When conflict occurs in a family business, it is typically because stakeholders have some combination of the three underlying reasons for conflict: opposing goals, incompatible values, and historical impasse. There are techniques that can be used to help families reinterpret their histories and let go of resentments to help them create the future together that they want.

Last month, we discussed how individuals’ goals and values are determined by their personal quests for security and meaning. Opposing Goals exist when two or more family members have visions or objectives that are mutually exclusive, given current resources. Incompatible Values exist when one or more stakeholders define themselves or what is important to them in ways that are antithetical to other stakeholders.

Often, families will avoid discussing these conflicts because they sense that there are deep commitments on both sides that might make it hard to come to consensus. When this happens, the business can suffer from stakeholders’ inaction. The third underlying reason for conflict, Historical Impasse, can often act as the cement that keeps such situations “stuck”.

“Historical Impasse” refers to the phenomenon whereby a current conflict has roots in historical resentments and grudges still held by family members. We often hear resentful stories of how in “Mom’s generation,” one or several siblings were passed over for ownership or somehow denied their rightful place in the business – and/or control of family wealth. We may never know if, at the time, there were reasonable explanations for the decisions and actions that caused an impasse.

Historical impasses can also be rooted in recent history. Siblings who work together may feel that the other was treated better, provided with more support, and afforded more opportunity growing up. Or, they may feel that their own strategic initiatives were thwarted by another stakeholder or cheated in some fashion. While families cannot (yet) travel back in time and fix the past, it is never too late to try for reconciliation.

Several techniques can help families rewrite, or reinterpret, their histories together:

Re-framing and Creating a Shared Narrative
When families have a negative shared history, but also desire to create a new story together, they can engage in a process of crafting a shared narrative of that history. Much of this is done with the technique of “re-framing.”

In re-framing, a conflict manager will reflect to clients the substance of what they heard, but with neutral language and within the broader context of the discussion. Through this process they help all disputants better understand the underlying interests that drive each of their articulated positions. When disputants hear their narratives in the context of the “big picture” and in less-charged words, they will often open up to considering alternative ways of seeing the situation, let go of their cherished, individual positions and collaborate with each other on a new, shared narrative.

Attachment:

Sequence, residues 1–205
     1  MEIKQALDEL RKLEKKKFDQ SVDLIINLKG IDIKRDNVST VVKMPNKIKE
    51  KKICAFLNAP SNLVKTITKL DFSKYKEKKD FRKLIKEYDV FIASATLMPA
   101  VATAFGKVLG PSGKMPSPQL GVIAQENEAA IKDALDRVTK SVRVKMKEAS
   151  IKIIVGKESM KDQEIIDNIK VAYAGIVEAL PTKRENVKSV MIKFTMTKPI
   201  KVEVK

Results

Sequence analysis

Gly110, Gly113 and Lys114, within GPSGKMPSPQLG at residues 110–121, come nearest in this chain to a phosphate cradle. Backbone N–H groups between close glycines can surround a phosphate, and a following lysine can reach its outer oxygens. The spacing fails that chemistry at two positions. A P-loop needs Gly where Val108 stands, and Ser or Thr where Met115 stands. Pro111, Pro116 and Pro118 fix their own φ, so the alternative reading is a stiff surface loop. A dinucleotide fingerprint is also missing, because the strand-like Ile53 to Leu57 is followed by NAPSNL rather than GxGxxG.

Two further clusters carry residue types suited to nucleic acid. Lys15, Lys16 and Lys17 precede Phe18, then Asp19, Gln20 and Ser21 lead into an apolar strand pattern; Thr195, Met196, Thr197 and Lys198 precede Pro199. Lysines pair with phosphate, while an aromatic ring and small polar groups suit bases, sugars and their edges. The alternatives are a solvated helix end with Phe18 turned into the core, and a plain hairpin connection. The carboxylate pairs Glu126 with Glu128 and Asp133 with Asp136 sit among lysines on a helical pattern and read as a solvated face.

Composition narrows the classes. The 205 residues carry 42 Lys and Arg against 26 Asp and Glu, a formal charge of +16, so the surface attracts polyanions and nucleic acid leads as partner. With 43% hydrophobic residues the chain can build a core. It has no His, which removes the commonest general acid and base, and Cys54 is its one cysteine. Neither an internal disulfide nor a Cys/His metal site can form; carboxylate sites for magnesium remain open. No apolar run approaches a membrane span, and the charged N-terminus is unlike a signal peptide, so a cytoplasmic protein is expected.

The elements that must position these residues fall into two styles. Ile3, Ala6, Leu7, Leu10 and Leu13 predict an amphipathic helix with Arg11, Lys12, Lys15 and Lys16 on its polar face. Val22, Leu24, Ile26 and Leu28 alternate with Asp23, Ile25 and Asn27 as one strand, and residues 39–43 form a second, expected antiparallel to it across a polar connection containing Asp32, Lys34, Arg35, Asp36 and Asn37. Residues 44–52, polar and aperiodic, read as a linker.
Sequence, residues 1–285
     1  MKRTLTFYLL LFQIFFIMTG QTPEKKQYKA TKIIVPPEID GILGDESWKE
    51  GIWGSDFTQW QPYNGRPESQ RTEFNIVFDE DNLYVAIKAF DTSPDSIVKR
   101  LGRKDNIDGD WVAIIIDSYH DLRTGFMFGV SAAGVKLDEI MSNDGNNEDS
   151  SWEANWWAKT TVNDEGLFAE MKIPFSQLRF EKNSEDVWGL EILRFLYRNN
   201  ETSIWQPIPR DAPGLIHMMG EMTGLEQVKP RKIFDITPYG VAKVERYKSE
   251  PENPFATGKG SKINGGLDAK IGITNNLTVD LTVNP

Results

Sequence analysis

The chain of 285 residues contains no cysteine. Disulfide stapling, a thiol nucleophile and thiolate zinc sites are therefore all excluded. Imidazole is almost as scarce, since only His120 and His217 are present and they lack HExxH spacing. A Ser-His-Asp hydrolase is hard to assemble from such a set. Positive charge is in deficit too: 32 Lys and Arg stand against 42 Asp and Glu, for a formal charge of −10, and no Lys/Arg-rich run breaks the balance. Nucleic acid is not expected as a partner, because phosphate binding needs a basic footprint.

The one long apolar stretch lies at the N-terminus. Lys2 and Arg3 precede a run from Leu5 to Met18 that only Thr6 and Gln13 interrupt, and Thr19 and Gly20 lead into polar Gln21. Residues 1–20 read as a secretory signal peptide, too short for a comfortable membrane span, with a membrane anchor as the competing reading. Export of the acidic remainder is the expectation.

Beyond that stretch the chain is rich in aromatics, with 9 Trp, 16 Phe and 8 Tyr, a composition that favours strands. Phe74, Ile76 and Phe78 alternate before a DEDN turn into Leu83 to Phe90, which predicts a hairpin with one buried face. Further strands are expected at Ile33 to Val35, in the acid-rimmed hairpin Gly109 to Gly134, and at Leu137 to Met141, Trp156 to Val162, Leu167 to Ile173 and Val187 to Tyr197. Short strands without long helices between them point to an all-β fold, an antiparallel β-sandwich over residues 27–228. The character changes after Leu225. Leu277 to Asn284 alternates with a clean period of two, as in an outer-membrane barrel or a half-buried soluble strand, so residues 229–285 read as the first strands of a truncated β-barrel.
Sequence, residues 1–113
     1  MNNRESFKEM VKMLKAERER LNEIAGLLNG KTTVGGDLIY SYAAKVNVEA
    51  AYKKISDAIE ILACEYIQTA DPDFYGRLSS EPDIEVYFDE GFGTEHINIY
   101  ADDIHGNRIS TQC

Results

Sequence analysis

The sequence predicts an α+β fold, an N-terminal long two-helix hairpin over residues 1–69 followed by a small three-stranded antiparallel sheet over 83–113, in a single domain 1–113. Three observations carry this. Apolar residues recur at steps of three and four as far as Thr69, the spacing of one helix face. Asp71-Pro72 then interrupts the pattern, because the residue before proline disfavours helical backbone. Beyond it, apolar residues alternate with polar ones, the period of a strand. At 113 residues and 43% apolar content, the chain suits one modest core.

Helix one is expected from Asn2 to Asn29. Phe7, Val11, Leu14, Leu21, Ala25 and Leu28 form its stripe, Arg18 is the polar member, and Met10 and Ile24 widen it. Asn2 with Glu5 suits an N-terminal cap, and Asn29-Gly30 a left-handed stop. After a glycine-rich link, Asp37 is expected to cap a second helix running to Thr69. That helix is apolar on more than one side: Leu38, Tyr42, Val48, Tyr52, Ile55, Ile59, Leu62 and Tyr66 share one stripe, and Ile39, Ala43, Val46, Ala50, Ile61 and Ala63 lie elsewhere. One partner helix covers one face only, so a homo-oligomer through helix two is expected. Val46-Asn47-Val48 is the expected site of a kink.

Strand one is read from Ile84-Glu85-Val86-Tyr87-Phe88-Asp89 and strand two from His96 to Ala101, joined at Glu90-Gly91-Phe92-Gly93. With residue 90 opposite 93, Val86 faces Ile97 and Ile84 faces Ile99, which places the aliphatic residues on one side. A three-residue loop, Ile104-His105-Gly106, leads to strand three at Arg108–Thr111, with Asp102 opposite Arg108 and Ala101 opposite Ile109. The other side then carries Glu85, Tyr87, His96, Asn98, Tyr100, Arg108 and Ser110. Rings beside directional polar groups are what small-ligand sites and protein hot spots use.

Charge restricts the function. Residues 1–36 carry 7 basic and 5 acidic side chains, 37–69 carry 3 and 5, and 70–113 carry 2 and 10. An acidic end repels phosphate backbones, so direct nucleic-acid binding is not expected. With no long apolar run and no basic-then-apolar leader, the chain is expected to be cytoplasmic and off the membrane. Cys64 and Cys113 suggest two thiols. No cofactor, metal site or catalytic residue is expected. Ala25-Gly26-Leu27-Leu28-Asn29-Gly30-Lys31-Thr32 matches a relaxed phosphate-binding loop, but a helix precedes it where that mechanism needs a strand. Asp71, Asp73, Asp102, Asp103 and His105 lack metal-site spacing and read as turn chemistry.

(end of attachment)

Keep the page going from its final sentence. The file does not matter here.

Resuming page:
A shared narrative is not intended to cover up the past in order to recast a negative family history as positive. Rather, it is intended to acknowledge what happened in the past, honor the perspectives of all those involved, and articulate the lessons that came from the problematic past in a way that lays the groundwork for a rapprochement.

Releasing of Blame and Forgiveness
It is almost impossible for families to overcome historical impasses without a process of releasing blame and forgiving each other. The key to being able to release blame in a family enterprise is for all parties to acknowledge their own contribution to the impasse and reaffirm the importance of the relationship that was damaged. Impasses are rarely caused exclusively by one party. The act of acknowledging contribution to a problem can be transformative.

Transgressions that lead to historical impasse are typically due to the chaotic process we all go through in trying to achieve our goals and pursue our values. Sometimes these pursuits collide with others’ to deprive them of what they need or want. Individuals rarely go out of their way to deprive others simply because they enjoy doing so. Few people are truly sociopathic. Knowing this, it is often possible to dig into the past to unearth a way forward that works. It’s not easy, but achieving genuine forgiveness through acknowledging the full sweep of history, accepting individual responsibility for contributing to the impasse, and exploring ways to rebuild trust and family bond can open up valuable opportunities for the future of a family and its enterprise. This process often benefits from outside facilitation.

In the words of John F. Kennedy, “Our task is not to fix blame for the past, but to fix the course for the future.” When family members are given the opportunity to look into the past honestly and acknowledge each other’s experiences, they can begin to create new paths for the future.

Our experts are ready to guide your family toward the future you envision. Let’s start the conversation.